The Brazilian Academy of Sciences (ABC) and the Brazilian Society for the Progress of Science (SBPC) sent a letter to the Ministries of Environment, Agriculture and Science and Technology in 2017, which was published in full by the newspaper O Estado de São Paulo . In the document, it is highlighted that the Cerrado is the savanna with the greatest diversity of species in the world, but it is also the most threatened by human activities. The letter underscores the urgent importance of conserving this biome.
Scientists have warned that almost half of the Cerrado's vegetation has been eliminated and the survival of this biome is threatened in the short term. It is crucial to share information so that more people understand the importance of this biome, understand what can be found in its plant characteristics and the environmental benefits that the Cerrado provides. As a famous phrase about conservation highlights, “you only protect what you love and you only love what you know”.
The Cerrado has a flora rich in species. A total of 533 tree species were found in 98 locations in the Cerrado throughout Brazil. Of these species, only 25 have a wide distribution and occur in at least 50% of the 98 locations, which makes them potential indicators of the Brazilian Cerrado and should be easily identified for an adequate typification of the biome.
In this article, we will present some widely distributed plant species that are unique to the Cerrado, in addition to sharing some curiosities about where they can be found, how to recognize them and their possible applications.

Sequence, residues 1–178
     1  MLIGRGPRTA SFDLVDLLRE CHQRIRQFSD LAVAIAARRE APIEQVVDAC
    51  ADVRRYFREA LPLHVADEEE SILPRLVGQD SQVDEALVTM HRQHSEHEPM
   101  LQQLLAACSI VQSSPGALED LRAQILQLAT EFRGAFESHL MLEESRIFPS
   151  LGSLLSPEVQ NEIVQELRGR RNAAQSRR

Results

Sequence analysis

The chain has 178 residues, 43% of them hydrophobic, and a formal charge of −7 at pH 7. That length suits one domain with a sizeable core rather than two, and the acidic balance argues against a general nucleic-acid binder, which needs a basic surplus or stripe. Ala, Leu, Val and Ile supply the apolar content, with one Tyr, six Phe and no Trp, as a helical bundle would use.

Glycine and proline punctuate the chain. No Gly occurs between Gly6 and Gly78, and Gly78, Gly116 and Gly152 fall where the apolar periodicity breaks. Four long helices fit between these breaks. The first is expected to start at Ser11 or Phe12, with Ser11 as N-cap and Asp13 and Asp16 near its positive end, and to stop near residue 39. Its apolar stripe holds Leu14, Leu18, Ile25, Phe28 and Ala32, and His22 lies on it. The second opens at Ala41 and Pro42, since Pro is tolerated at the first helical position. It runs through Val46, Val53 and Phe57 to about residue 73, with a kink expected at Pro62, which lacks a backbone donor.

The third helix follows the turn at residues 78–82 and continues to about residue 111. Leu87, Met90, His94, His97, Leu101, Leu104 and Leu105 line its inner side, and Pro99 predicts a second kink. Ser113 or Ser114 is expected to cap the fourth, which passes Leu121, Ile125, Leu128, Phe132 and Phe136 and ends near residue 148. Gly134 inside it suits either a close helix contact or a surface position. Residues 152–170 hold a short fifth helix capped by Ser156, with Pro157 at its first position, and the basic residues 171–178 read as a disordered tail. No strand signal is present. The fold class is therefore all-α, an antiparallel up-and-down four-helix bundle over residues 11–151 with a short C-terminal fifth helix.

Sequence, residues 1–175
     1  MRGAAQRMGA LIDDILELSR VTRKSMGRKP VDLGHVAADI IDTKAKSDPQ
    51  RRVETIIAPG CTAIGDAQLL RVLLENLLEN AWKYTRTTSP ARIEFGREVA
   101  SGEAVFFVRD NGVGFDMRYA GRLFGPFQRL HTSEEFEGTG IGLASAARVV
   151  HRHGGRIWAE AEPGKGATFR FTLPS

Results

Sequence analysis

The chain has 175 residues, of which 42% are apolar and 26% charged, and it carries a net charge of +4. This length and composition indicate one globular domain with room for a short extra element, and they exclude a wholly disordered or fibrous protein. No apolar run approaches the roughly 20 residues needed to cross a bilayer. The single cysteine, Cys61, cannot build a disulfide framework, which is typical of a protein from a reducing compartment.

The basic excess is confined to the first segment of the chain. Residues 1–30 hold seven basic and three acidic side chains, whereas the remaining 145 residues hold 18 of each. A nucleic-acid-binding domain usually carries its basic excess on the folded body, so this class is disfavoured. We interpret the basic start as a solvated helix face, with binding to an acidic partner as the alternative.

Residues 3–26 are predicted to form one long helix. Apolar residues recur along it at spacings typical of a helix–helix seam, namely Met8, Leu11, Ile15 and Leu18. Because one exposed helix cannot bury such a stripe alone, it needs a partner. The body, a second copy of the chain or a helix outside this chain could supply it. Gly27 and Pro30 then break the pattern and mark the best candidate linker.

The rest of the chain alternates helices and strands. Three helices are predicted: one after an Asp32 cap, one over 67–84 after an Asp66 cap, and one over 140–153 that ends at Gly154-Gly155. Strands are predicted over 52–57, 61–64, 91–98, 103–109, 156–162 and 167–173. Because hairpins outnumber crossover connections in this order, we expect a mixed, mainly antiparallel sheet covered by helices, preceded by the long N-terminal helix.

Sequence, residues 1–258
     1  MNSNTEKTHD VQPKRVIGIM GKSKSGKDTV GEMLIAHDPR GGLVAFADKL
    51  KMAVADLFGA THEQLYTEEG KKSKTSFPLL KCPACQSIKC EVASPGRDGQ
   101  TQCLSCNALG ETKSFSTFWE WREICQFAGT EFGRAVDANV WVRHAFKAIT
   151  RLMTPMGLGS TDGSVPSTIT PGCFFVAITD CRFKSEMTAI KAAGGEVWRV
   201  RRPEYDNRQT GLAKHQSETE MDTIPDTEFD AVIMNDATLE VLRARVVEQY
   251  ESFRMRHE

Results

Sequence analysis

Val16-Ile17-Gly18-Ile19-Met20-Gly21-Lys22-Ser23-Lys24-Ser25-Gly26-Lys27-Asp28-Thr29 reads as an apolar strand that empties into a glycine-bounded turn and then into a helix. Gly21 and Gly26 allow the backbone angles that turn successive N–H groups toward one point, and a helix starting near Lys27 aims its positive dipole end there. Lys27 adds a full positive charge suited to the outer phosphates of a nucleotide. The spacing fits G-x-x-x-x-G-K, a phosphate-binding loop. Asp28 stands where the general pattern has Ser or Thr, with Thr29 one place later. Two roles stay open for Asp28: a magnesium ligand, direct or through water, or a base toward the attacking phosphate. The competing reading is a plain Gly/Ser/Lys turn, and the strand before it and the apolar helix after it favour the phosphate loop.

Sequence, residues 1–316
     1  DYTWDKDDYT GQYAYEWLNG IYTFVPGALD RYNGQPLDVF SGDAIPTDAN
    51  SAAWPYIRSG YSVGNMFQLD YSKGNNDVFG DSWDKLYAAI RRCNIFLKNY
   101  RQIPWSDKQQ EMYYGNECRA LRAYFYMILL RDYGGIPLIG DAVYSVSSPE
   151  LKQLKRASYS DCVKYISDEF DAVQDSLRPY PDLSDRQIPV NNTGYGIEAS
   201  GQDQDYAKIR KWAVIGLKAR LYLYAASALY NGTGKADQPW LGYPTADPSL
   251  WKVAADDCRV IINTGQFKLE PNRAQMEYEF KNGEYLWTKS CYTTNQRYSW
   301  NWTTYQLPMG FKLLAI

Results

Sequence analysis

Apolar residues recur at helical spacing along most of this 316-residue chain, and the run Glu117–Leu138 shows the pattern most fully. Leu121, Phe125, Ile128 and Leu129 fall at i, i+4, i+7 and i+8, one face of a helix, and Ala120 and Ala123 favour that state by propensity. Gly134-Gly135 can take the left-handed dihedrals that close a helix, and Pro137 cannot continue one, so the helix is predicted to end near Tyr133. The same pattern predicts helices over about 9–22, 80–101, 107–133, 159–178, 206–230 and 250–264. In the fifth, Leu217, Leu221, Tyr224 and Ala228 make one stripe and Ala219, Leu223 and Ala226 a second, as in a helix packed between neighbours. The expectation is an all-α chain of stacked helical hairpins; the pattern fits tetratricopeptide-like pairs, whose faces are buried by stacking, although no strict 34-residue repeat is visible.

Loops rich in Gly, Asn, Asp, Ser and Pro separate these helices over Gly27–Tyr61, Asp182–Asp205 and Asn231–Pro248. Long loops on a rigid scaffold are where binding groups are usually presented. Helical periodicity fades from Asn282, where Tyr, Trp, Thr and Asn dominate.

Aspidosperma tomentosum (cerrado peroba)
The species “Peroba-do-Cerrado” receives its name (Aspidosperma) due to its distinctive seed, which is protected by something similar to a shield. This tree is highly used as almost all of its parts are used. The seeds and fruits are used in the production of handicrafts, the wood is used in the manufacture of furniture and decoration pieces, the bark is used in the production of cork, and the tree as a whole presents great potential for landscape and in the recovery of areas. degraded. Peroba-do-Cerrado adapts well to different types of soil.
To identify it, it is necessary to observe some characteristics, such as the trunk, which can be up to 26 cm in diameter, has a yellowish color and cracks. The leaves are simple, alternate and form groups at the end of the branches.
The tree known as Cajuzinho do Cerrado, or also as murici-mirim (from the Tupi-Guarani, meaning "small tree"), can be found from the Campo-Cerrado even in backyards, for use in ornamentation and consumption. This tree is highly adapted to climate change, being the first to resprout when the habitat is burned. It is a fast-growing plant that produces fruits from January to June, which can be consumed in natura or processed for the production of sweets or ice cream.
As its name suggests, this species has a height that varies from 1 to 2.5 meters. Its leaves are simple and opposite. An important diagnostic feature to recognize it is to observe the intrapetiolar stipules during the vegetative recognition of the genus.
Pequi, as it is popularly known, is widely used in country cuisine, and can be consumed in the form of olive oil, cooked or mixed with rice. In addition, its wood is used in civil and naval construction. In honor of this tree, there is a city named Pequizeiro, in the state of Tocantins.
The pequi tree is characterized by a crooked and thick trunk, cracked bark and heavy wood, yet soft and durable, and can reach up to 10 meters in height. Its leaves are composed of three leaflets and positioned opposite each other (Photo 13). On the underside of the leaves there are prominent, densely hairy veins. This species is found both in degraded Cerrados and in well-preserved Cerrados, occurring from Campos-Cerrados to Cerrado stricto-senso.